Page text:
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Pro Football

Pint-Sized Players Give Their All In Snoop Bowl VII

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Published:   |   Updated: March 23, 2013 at 04:49 PM
TAMPA -

Read this story aloud, with your best NFL Films "on the frozen tundra of Lambeau Field" voice:

For the seventh time, the glitzy, glamorous team from the City of Angels has crossed this nation's vastness in search of football foes in far-flung cities. The squad has visited the hostile venues of Arizona, Atlanta, Miami and New Orleans.

Now, the team has come to Tampa to take on the ragged and hungry horde, gathered together under the banner of a local hero to defend this sandy turf from the visiting plunderers.

This is where Mike Alstott, the former Tampa Bay Buccaneer and unblemished local icon, is sharpening his sword and making his stand.

He's assembled and trained this rag-tag group of gridiron grapplers in Florida Gator colors, hoping to unseat the imperious reign of the team, dressed out in University of Southern California colors, put together by fancy-pants Los Angeles rapper Snoop Dogg, known among his legions as "Snoop Da Great."

Alstott roamed the sidelines, shouting encouragement to his players during play on Saturday afternoon. During the first half, he consoled a boy who had just fumbled the ball and yelled for his quarterback, Ryan Davis, to "throw the ball" before the youth was sacked on third down. His team was beset by mental mistakes, twice having been flagged for delay of game.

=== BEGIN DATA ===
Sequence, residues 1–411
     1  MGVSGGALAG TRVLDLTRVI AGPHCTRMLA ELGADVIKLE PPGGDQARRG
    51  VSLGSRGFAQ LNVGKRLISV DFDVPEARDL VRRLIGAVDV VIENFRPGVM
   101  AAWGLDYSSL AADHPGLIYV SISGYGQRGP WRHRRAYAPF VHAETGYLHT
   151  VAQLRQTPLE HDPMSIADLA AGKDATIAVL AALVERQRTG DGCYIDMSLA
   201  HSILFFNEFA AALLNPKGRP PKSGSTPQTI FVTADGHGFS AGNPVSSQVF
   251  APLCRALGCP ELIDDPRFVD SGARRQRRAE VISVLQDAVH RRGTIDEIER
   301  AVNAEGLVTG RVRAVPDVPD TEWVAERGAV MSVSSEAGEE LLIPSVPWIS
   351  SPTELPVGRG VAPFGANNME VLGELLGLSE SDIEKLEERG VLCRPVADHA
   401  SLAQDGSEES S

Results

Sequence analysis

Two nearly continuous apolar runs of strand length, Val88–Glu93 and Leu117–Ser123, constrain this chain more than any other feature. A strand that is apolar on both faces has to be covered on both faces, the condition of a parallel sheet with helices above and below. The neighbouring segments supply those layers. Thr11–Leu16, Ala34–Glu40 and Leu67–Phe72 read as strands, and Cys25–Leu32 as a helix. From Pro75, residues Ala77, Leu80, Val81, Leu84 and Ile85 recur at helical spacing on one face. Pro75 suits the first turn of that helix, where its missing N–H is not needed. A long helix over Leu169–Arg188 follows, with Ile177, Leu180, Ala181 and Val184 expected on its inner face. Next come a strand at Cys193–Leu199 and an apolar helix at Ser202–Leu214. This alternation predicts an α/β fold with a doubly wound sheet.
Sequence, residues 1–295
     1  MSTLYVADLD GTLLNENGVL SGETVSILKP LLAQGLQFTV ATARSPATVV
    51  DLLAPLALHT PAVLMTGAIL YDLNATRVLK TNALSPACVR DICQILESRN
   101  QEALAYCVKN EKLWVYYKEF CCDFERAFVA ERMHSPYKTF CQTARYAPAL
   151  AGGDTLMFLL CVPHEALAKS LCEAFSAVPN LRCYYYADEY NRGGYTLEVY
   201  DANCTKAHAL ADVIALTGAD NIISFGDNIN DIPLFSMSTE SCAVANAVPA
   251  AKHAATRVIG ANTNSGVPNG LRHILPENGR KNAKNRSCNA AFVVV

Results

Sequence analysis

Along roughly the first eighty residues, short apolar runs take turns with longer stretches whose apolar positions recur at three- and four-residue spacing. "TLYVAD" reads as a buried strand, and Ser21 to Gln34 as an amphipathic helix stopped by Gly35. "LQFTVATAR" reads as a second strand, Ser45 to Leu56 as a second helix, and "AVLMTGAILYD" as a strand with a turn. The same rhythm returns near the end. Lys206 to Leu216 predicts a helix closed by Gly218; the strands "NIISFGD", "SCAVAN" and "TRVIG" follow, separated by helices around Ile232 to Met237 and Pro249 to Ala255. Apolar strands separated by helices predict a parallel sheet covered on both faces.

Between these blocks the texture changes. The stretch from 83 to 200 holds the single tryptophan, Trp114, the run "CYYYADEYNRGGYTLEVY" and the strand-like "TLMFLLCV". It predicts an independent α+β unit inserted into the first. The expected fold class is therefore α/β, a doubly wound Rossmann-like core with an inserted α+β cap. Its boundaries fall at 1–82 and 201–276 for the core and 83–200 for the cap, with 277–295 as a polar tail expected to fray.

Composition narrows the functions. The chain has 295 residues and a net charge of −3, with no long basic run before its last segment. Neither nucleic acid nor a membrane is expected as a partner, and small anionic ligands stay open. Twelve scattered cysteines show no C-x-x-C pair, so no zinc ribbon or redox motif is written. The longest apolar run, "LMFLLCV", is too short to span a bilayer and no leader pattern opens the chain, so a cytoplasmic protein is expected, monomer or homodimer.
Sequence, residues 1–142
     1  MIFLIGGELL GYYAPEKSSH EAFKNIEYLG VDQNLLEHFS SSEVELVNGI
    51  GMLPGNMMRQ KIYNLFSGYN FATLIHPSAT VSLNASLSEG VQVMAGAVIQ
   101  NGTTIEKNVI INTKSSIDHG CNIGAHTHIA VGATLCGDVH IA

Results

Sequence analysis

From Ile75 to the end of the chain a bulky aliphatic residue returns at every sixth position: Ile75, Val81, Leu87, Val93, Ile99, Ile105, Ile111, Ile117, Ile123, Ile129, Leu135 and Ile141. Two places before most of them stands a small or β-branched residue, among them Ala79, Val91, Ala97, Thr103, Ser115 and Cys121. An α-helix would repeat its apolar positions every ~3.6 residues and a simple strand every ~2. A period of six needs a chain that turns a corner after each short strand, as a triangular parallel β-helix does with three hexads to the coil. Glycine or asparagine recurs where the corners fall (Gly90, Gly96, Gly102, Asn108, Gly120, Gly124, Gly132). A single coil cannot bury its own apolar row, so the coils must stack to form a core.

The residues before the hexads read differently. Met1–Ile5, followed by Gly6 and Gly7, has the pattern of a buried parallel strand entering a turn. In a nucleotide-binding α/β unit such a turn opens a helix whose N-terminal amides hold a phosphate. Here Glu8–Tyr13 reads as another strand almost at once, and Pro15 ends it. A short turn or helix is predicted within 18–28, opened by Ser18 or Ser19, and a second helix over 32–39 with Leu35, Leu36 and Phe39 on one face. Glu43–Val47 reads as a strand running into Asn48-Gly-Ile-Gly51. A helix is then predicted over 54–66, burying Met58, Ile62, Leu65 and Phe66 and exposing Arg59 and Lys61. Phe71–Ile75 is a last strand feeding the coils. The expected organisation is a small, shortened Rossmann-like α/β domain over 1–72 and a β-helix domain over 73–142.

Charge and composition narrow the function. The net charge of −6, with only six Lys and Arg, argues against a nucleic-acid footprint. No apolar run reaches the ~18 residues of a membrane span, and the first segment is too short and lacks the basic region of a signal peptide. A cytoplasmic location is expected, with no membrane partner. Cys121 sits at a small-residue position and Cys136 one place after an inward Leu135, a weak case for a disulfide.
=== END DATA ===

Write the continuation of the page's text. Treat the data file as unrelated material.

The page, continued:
Across the way, Snoop, with his trademark dreadlocks and knit hat, coached away. To the side, in typical California fashion, were the celebrities. NFL legend Deion Sanders chatted with Arizona Cardinals running back Edgerrin James, who himself will play in another game on Sunday.

The Snoop Bowl VII showdown pitted the pint-size warriors against each other on a balmy, sunny afternoon Saturday in the raucous confines of Gaither High's Cowboy Stadium. More than 3,000 filled the stands and stood around the field, witnessing future stars, perhaps.

The local team was hand-picked from 350 youths between 10 and 11 who showed up and tried out earlier this month. The fastest, toughest and meanest claimed the 30 slots on the team.

They were ready to hand the California team its first defeat in seven games. Last year, Snoop's team blew out an Arizona team coached by Matt Leinart by a 33-14 score.

In the end, the fervor of battling the juggernaut faded and the locals fell by a score of 22-6. Fans paid between $20 and $50 to get in, with proceeds to be donated to charities such as the Children's Cancer Center, Big Brothers Big Sisters of Tampa Bay and the Mike Alstott Family Foundation. More than $50,000 has been raised for charity over the years.

Eric Carter coaches youth football in Lakeland. He cheered along the sidelines and gave frequent score updates over his cell phone.

His son, Samuel Jackson, was out there, he said. "He's the only one from Lakeland."

Asked if he could offer Alstott any coaching tips, Carter shook his head.

"He's got a lot more experience than me," he said.

Ventell Bryant had his own cheering section too. His mom, Millie, and aunt, Carla, were riveted to each play.

Millie was diplomatic.

"Both teams are pretty good," she said just before halftime, with the West Coasters leading 8-0.
What would they say to Snoop, if they could get close enough?

"You," Carla said, "are Gator bait."


Reporter Keith Morelli can be reached at (813) 259-7760.

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